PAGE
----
Shaping Our Future
Key Challenges

What are the Key Challenges Facing the RDN?

A number of sustainability challenges have come out of recent RDN initiatives including the State of Sustainability Project. These challenges have formed the basis for thinking about how we progress towards our vision for a more sustainable region. The RDN Board believes that changes to the RGS should be made to better emphasize the RDN's goals, policies and actions for sustainability. Are these the main challenges? Would you identify others?
Reducing Greenhouse Gas Production
Building more of our homes in existing cities and towns will allow people to live close to where they work, go to school, shop and play. This means that we can take advantage of public transit, cycle paths or walking to keep in shape and reduce our use of cars. The Province has adopted a target of 33% for a reduction in greenhouse gas emissions by 2020. The Regional Growth Strategy and all subsequent official community plans will be required by provincial legislation to include targets to meet the provincial reductions. More energy efficient buildings are part of the answer but the vast majority of Green House Gas emissions in the region, about 70%, are produced by cars and trucks, and the vehicles used for business.
Providing Affordable Housing and a Range of Housing Types
The State of Sustainability Report indicates that the basic needs for housing in the Regional District of Nanaimo are not being met for all residents. Everyone does not have access to suitable, affordable or adequate housing. In many instances basic housing needs are not being met and residents are paying more then 30% of their income for housing. The Regional Growth Strategy only contains one general policy on affordable housing. We have heard that more needs to be done to deal with this issue and the RGS could provide more direction on how to address this concern.
Using Water Sustainably
Water consumption in the region has increased faster then the growth in population, meaning that each person is consuming more and more water. The State of Sustainability Report suggests that water consumption in the region exceeds the provincial average. Even in a wet region like Nanaimo, there is only so much water for human use as water is also needed to maintain healthy fish populations and support other sensitive landscapes and wildlife. Because water supply is not evenly distributed throughout the region, some areas that are currently identified for future growth do not have enough water to support that growth.
Strong Urban Containment
The goal of strong urban containment is to encourage high density development in existing cities and towns, and discourage urban type development in rural areas. By confining urban growth to existing urban areas we can maintain a compact urban centre thereby reducing the need to drive and facilitating the cost efficient delivery of services. Assessments indicate that there is enough land to accommodate growth for the next 30 years without expanding the urban areas in the Regional District of Nanaimo. Development costs are generally cheaper in rural areas so there is continued pressure to allow urban type developments in rural areas. .Concerns about the impacts of urban sprawl is what prompted the adoption of a regional growth strategy in the first place.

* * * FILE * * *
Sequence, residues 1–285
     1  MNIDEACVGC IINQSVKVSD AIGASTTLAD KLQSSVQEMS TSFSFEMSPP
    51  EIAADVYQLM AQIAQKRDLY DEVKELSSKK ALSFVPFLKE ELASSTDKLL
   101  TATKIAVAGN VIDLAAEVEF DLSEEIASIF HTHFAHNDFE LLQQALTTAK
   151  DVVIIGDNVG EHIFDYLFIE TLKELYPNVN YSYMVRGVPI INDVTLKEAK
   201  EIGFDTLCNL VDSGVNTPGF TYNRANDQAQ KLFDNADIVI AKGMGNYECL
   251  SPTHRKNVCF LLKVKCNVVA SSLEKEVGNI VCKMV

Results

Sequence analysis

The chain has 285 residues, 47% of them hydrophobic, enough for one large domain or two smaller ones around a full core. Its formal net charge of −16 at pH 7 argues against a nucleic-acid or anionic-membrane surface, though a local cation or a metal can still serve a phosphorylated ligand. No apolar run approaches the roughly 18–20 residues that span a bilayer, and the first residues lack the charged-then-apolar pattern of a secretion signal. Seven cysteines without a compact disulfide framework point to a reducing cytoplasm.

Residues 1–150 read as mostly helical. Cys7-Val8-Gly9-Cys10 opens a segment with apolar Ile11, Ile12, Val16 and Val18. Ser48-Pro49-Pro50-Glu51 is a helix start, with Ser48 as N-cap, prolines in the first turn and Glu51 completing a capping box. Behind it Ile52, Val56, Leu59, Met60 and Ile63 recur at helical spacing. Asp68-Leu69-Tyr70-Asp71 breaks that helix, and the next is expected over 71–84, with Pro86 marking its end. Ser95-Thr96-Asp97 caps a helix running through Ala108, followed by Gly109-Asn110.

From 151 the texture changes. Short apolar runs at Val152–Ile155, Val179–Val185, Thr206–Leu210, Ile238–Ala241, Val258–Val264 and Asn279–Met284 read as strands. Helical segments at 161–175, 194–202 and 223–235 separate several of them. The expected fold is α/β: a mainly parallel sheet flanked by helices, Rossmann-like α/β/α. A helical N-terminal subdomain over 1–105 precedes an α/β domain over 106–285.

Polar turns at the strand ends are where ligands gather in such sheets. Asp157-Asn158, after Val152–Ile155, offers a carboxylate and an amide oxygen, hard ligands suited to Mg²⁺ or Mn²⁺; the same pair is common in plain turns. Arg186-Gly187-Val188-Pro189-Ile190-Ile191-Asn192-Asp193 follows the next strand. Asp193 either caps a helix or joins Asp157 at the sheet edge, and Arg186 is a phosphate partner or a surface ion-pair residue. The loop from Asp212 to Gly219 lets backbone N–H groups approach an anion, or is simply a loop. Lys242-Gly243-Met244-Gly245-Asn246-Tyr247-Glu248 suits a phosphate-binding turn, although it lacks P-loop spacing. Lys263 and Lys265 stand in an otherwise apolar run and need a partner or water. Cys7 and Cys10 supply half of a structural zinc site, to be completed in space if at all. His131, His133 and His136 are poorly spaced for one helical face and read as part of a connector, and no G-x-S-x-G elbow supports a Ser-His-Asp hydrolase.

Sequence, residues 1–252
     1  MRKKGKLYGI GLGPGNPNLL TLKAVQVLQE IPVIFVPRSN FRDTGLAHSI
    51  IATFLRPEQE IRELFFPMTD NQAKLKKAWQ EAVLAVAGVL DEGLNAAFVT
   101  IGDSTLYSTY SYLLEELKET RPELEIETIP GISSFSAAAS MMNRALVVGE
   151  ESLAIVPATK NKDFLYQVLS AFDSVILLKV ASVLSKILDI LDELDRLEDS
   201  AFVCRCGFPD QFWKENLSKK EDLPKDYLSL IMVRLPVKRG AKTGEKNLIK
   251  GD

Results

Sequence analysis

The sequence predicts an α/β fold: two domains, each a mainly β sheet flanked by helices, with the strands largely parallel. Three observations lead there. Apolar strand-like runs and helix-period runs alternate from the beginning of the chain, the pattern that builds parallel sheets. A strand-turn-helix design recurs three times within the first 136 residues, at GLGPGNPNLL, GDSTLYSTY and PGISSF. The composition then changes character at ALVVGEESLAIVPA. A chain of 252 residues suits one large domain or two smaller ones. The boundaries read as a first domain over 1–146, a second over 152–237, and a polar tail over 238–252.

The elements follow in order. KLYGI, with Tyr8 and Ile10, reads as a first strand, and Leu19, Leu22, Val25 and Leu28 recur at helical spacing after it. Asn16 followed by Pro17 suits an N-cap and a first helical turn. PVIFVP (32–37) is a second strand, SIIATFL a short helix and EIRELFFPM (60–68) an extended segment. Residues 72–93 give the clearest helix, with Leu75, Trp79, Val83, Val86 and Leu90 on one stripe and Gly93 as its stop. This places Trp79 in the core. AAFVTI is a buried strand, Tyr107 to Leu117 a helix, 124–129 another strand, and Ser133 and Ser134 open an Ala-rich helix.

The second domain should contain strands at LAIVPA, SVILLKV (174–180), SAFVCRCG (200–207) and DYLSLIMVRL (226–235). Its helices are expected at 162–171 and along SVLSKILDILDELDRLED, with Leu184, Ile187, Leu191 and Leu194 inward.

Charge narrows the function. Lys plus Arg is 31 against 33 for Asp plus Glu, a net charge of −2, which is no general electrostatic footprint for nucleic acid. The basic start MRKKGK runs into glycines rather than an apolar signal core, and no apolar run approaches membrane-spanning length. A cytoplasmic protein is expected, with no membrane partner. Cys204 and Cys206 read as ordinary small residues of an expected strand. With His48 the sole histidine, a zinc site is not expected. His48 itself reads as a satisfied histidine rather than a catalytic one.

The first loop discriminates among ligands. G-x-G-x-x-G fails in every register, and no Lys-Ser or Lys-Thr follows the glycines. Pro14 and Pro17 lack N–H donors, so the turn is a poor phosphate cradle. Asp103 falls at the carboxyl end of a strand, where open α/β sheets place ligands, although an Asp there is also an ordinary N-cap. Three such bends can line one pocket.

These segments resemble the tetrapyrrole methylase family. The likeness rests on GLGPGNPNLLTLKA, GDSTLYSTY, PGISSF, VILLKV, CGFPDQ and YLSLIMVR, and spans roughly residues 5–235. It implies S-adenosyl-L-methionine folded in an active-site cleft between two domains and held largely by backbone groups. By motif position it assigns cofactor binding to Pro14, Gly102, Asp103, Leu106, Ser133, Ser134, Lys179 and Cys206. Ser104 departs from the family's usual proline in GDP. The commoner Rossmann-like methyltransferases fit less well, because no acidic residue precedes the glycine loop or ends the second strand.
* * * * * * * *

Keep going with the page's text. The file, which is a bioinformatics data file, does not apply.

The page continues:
Maintaining Rural Integrity
The "Rural Integrity" goal of the Regional Growth Strategy (RGS) is to protect rural areas from the encroachment of urban land uses and to maintain lands for forestry, farming and other resource uses. Concerns remain that a significant amount of development is still occurring in the rural areas. However, there is general agreement that this is largely due to a lack of implementation of Regional Growth Strategy policies to discourage development. The Regional Growth Strategy states that the Regional District of Nanaimo and its member municipalities will investigate an appropriate parcel size in the rural areas.
Achieving Density and Mixed Use in Urban Areas
Development that is more densely concentrated in urban centres such as Nanaimo and Parksville should provide for more housing options and decrease the need to meet housing demand in rural areas. Concentrating growth in towns and cities means providing more efficient services, such as water and waste disposal. It promotes walking and cycling, and will help make public transit feasible in the Region. Achieving the higher densities requires the RDN and member municipalities to amend zoning bylaws to permit and encourage well designed higher density developments in urban areas within the UCB. The concern is that too much lower density development is still occurring in the urban areas.
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